Value stores like Meijer and T.J. Maxx, which have built a reputation for providing discounted items, allegedly don’t always use the best business practices for attaining those items. Many of them are sourced from outside the U.S., where labor is cheap, and allegedly sometimes they resort to knockoffs, which are usually cheaper versions of a patented and/or well-known design.
When Design Ideas, a design firm based in Springfield, IL, refused to lower its price on its Sparrow Clips, the retailers threatened to purchase the clips from another vendor. Design Ideas pointed out that it owned the Sparrow Clips’s exclusive copyright, which it had purchased from Pititas Waiwiriya, the Thai designer who allegedly invented the clothespins that come in multiple colors and are topped with the outline of a small bird.
After Design Ideas refused to lower their price, Meijer allegedly started buying “Canary Clips,” a knockoff produced by a company called Whitmor. Whitmor is another vendor that provides products to large retailers across the country, including T.J. Maxx and Meijer.
After someone who worked for Design Ideas allegedly saw the knockoffs being sold at a T.J. Maxx and a Meijer in Springfield, Design Ideas responded by filing a copyright lawsuit against its former customers.
In the claim they filed, Design Ideas included an email that allegedly showed Whitmor asking a Chinese manufacturer how much it would cost them to produce a knockoff of the Sparrow Clips. In that same email, Whitmor also allegedly asked the knockoff manufacturer to research the original mold and discover whether or not it was protected by a patent. Whitmor denies having ever sent such an email.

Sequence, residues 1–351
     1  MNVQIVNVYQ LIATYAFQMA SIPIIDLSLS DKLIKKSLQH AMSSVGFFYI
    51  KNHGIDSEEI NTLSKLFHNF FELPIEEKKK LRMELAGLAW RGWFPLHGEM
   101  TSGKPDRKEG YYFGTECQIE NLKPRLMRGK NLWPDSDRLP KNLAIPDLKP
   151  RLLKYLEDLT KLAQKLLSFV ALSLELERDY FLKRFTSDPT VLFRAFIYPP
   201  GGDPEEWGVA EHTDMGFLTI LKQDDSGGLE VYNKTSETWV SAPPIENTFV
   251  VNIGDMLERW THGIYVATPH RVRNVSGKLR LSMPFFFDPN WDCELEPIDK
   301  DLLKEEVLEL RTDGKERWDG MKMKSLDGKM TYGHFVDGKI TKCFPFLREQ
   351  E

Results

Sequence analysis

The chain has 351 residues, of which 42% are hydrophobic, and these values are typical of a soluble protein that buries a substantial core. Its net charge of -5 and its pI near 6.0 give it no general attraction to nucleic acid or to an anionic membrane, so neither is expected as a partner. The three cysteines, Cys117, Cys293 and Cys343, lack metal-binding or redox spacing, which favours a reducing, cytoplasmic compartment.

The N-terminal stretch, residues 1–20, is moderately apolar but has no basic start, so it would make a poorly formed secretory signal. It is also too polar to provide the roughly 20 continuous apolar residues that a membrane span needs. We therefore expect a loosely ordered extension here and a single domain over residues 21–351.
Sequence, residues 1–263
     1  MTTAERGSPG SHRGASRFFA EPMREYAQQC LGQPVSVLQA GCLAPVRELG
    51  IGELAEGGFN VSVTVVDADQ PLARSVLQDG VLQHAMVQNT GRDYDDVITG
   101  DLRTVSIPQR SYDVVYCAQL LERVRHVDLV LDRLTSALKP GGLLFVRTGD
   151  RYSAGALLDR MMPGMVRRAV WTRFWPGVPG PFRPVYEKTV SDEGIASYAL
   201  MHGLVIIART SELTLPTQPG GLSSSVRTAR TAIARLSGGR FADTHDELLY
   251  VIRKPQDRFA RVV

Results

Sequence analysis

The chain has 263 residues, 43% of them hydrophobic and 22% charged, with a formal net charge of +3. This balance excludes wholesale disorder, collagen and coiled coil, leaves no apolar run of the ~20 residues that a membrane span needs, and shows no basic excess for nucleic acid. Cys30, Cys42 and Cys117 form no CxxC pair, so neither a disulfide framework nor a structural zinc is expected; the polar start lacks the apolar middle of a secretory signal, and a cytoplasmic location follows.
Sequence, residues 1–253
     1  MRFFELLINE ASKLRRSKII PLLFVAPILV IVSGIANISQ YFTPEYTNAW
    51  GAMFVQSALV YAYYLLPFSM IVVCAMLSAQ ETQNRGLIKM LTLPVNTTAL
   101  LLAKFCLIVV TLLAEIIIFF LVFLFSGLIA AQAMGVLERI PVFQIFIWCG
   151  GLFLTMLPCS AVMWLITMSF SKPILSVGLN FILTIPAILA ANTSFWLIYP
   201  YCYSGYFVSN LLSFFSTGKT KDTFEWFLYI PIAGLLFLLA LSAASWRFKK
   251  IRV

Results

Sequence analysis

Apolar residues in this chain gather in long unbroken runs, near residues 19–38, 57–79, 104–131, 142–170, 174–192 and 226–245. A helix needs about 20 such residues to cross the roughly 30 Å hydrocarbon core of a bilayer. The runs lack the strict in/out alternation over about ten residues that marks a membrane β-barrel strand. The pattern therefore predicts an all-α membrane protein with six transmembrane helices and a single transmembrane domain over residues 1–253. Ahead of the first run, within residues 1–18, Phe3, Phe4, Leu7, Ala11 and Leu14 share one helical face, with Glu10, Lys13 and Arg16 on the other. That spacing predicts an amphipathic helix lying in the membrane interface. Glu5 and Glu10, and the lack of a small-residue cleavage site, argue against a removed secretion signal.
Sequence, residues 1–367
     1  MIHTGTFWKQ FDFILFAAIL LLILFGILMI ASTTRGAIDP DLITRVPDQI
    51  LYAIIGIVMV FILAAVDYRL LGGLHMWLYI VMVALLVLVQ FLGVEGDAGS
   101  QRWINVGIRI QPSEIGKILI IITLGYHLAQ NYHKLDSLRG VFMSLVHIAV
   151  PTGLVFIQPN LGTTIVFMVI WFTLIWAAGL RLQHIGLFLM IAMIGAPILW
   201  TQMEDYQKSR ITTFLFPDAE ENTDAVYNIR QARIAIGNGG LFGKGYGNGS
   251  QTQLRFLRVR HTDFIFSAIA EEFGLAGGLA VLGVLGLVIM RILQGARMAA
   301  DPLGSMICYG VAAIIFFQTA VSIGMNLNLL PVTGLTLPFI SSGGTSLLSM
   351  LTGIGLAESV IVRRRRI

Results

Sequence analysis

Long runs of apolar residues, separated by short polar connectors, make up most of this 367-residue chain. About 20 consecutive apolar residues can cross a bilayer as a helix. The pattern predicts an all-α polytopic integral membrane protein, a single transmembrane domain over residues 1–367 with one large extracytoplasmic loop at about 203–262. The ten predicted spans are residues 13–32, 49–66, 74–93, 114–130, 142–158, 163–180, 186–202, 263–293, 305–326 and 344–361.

But regardless of whether a patent on the design existed, an important question at the heart of the copyright lawsuit is whether the design can legally be patented and enforced. The clothespin part of the Sparrow Clips qualifies as a “useful article” which means it serves a “utilitarian function.” Most items that fit under this category, such as tables and chairs, are not eligible for copyright patents.
On the other hand, the decorative bird design that tops the Sparrow Clips does qualify them for a patent, according to U.S. District Judge Sue Myerscough, who ruled in favor of Design Ideas. Although Myerscough acknowledged the clothespin part of the Sparrow Clips were undoubtedly functional, she also pointed out that the bird outline at the top made it artistically unique from other clothespins, thereby protecting the legitimacy of the copyright.
Myerscough also said the Canary Clips were similar enough to the patented Sparrow Clips to justify Design Ideas filing their copyright lawsuit against the infringers.
Van Meter, the owner of Design Ideas, said he was happy with how the lawsuit turned out, although he was upset that it ever needed to be filed in the first place. Prior to their pricing dispute, both Meijer and T.J. Maxx had been good long-time customers of Design Ideas and it’s always sad to see a good relationship end. Van Meter also said it seemed like an unusual position to be taken by Meijer, which is family owned.
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